NEWS / APRIL 8, 2022
Radboud University Medical Center Netherlands to Image First Patient with PENTIXAFOR
Treatment with PentixaFor
Berlin (Germany), April 8th, 2022 – Radboud University Medical Center (RUMC) in Nijmegen, one of the largest centres of excellence in the Netherlands for adrenal diseases, treated the first patient with primary aldosteronism with the Ga-68-based diagnostic PENTIXAFOR as part of the CASTUS study.
Developed by PentixaPharm, PENTIXAFOR is an innovative imaging PET tracer that targets the chemokine-4 receptor (CXCR4) and is used to diagnose various oncological and inflammatory diseases. The Ga-68-based PET radiodiagnostic is expected to have the potential to significantly improve the diagnosis of these disorders and to direct patients to the appropriate therapy.
Primary aldosteronism (PA), also known as Conn's disease, is an abnormality of the adrenal gland characterised by either a unilateral aldosterone-producing adenoma (APA) or bilateral adrenal hyperplasia (BAH). Regardless of the location of the pathological tissue, adrenal tumours cause hypersecretion of aldosterone, which leads to hypertension and is therefore closely associated with high vascular morbidity. The prevalence of PA in patients with hypertension, about 20 million patients in Germany, is about 5.9 %. The number of unreported cases is even higher due to the complicated and invasive standard diagnosis by adrenal vein sampling (AVS).
The CASTUS study is a clinical research programme aiming to evaluate the accuracy of PENTIXAFOR in the diagnosis of primary aldosteronism. The Ga-68-based PET radiodiagnostic will be used to detect the unilateral or bilateral nature of aldosterone hypersecretion in primary aldosteronism. This distinguishing feature determines patient management and medical therapy. Compared to the previous diagnostic procedure, in which hormone levels are measured on the adrenal gland using a complex invasive catheterisation procedure, PENTIXAFOR is a non-invasive diagnostic method. In order to investigate the potential of PENTIXAFOR, the RUMC is recruiting up to 300 patients.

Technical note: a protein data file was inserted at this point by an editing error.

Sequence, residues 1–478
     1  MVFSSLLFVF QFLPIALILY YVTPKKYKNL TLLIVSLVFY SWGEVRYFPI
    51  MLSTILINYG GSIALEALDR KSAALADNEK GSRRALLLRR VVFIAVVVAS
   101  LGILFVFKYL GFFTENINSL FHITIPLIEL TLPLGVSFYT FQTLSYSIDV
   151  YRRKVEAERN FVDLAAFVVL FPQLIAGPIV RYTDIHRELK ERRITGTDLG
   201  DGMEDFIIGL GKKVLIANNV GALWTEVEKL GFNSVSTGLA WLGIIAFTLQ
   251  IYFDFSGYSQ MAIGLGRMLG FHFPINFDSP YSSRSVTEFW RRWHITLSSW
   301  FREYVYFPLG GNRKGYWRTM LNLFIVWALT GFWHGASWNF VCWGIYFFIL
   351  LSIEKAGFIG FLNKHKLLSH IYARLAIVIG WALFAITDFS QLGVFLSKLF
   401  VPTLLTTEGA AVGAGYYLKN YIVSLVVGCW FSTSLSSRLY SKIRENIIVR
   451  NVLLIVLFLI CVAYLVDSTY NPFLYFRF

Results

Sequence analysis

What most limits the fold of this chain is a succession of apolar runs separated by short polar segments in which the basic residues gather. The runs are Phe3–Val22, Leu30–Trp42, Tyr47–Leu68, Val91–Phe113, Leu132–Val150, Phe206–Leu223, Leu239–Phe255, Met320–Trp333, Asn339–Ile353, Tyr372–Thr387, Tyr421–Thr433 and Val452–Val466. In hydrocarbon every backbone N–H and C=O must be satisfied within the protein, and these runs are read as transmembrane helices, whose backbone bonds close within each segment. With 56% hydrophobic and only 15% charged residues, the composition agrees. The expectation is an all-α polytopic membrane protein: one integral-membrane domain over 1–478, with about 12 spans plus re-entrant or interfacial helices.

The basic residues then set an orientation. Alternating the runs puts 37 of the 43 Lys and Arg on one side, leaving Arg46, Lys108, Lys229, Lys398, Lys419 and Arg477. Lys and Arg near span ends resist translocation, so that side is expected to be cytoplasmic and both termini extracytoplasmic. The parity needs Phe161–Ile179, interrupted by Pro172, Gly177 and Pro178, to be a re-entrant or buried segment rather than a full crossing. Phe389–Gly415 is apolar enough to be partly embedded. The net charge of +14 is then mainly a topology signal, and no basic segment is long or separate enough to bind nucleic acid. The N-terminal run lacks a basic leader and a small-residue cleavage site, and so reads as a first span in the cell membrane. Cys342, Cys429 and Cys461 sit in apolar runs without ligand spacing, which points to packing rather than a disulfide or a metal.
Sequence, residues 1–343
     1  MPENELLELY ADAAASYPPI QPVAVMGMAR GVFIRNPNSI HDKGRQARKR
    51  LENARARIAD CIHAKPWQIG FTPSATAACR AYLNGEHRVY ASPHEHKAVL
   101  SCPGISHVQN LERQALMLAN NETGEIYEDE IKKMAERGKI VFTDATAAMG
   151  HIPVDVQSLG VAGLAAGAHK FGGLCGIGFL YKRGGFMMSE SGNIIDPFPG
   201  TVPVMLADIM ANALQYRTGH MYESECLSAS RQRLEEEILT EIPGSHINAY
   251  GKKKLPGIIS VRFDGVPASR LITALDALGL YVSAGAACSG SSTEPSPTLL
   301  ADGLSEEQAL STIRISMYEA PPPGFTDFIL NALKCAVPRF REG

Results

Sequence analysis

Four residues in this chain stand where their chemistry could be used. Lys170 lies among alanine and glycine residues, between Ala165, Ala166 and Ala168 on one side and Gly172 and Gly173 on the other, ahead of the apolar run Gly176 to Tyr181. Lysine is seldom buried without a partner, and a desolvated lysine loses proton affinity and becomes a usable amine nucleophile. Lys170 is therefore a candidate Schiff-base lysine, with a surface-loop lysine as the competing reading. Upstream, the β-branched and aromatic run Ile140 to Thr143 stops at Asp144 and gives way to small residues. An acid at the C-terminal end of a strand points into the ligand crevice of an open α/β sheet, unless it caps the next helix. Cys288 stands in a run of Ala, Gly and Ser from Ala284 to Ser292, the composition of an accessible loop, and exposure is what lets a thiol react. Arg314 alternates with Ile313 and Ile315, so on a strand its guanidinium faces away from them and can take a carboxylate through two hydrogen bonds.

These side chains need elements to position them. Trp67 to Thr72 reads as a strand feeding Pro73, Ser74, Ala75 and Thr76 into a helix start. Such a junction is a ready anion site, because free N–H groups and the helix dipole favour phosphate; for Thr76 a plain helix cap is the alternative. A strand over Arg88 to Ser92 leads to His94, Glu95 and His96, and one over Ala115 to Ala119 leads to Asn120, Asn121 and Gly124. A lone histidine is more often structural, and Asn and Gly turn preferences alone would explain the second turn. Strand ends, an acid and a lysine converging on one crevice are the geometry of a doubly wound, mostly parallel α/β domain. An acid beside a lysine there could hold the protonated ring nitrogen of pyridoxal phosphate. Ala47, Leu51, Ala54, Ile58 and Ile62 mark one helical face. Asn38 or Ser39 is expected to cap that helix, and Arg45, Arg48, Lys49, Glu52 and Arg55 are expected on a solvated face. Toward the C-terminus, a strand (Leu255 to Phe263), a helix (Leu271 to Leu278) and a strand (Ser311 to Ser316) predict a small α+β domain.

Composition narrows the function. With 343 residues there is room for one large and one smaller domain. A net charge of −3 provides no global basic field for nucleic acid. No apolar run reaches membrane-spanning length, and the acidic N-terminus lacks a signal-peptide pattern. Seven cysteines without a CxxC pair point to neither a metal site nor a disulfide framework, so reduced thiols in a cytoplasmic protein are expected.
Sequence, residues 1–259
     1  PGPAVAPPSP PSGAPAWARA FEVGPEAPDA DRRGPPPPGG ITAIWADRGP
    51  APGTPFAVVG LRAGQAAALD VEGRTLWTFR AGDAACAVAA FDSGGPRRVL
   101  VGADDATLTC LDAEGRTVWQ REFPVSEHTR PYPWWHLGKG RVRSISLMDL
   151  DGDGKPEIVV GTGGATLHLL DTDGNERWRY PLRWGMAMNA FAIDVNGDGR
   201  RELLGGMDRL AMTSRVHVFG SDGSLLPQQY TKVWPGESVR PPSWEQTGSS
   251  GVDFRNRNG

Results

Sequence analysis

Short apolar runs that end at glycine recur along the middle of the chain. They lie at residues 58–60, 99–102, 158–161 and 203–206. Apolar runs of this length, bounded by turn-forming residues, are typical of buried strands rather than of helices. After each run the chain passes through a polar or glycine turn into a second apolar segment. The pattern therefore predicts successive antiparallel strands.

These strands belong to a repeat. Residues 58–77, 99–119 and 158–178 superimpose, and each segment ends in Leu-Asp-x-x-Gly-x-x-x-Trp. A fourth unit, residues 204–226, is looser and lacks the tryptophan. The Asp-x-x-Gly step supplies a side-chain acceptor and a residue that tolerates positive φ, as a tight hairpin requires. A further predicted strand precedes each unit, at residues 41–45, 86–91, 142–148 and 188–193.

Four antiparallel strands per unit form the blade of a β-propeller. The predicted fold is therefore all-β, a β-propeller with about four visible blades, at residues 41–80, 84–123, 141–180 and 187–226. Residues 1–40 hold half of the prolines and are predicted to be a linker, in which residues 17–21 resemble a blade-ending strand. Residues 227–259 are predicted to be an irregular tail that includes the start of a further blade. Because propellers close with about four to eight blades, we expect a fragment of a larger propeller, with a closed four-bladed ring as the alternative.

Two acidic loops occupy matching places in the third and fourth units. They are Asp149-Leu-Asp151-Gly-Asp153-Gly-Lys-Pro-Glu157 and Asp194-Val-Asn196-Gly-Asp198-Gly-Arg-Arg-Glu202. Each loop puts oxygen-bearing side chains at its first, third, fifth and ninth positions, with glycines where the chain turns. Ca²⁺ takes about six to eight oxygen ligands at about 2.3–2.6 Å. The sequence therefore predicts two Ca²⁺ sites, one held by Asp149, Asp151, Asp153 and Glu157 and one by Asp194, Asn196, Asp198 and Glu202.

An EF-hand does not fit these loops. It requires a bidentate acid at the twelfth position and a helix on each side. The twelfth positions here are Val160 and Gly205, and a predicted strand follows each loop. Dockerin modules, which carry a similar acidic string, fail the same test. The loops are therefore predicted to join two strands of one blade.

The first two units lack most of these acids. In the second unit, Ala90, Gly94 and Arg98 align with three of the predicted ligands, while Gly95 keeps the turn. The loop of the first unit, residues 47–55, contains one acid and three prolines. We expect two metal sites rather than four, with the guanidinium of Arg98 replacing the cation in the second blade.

RUMC has started imaging the first patient with PENTIXAFOR with great success. High-resolution images show the potential of the non-invasive PET radiodiagnostic PENTIXAFOR. One of the investigators of the CASTUS study, Professor J. F. Langenhuijsen explained: "The high sensitivity of PENTIXAFOR allows us to determine the location of the adrenal tumour much more accurately and may replace the previous, invasive gold standard AVS for diagnosis in the future. Further studies are needed to determine the promising prognostic value of PENTIXAFOR at baseline or during treatment evaluation."
"The fact that one of the leading centres in the Netherlands, such as RUMC, has decided to work on PENTIXAFOR itself shows the great interest in finding a new diagnostic for adrenal disease and could pave the way for additional therapeutic alternatives. The CASTUS trial provides PentixaPharm with the opportunity to enter another therapeutic area in addition to its core development strategy in oncology," commented Dr Hakim Bouterfa, founder and managing director of PentixaPharm GmbH. "We are pleased to have Professor J. F. Langenhuijsen, Professor J. Deinum and Professor M. Gotthardt as principal investigators for this study."
Eckert & Ziegler (ISIN DE0005659700, TecDAX), the owner of the rights to the underlying [68Ga]Ga-PentixaFor PET compound, is supporting the RUMC team by providing PENTIXAFOR. In return, Eckert & Ziegler receives access to the study results. PENTIXAFOR is being developed by Eckert & Ziegler subsidiary PentixaPharm GmbH as a highly sensitive diagnostic for a portfolio of haemato-oncological malignancies, including myeloma and lymphoma.
In 2021, the European Medicines Agency (EMA) gave Eckert & Ziegler the green light to jump directly into a phase III clinical trial for PENTIXAFOR, allowing the company to save a number of time-consuming evaluation steps. Since end of December, the Phase III study design has been submitted for review in Amsterdam. However, the EMA recently had to postpone the start of the review, which was scheduled for March 7, 2022, by two months because an "exceptionally high number of applications" faced a pool of reviewers decimated by Corona and its processing capacities were insufficient. The phase III clinical trial is expected to start approximately 5 months after the start of the review and will include about 500 patients in a PAN cancer trial with European participation.
The CASTUS study is sponsored by ZonMW, the Dutch national organisation for health research and innovation in healthcare.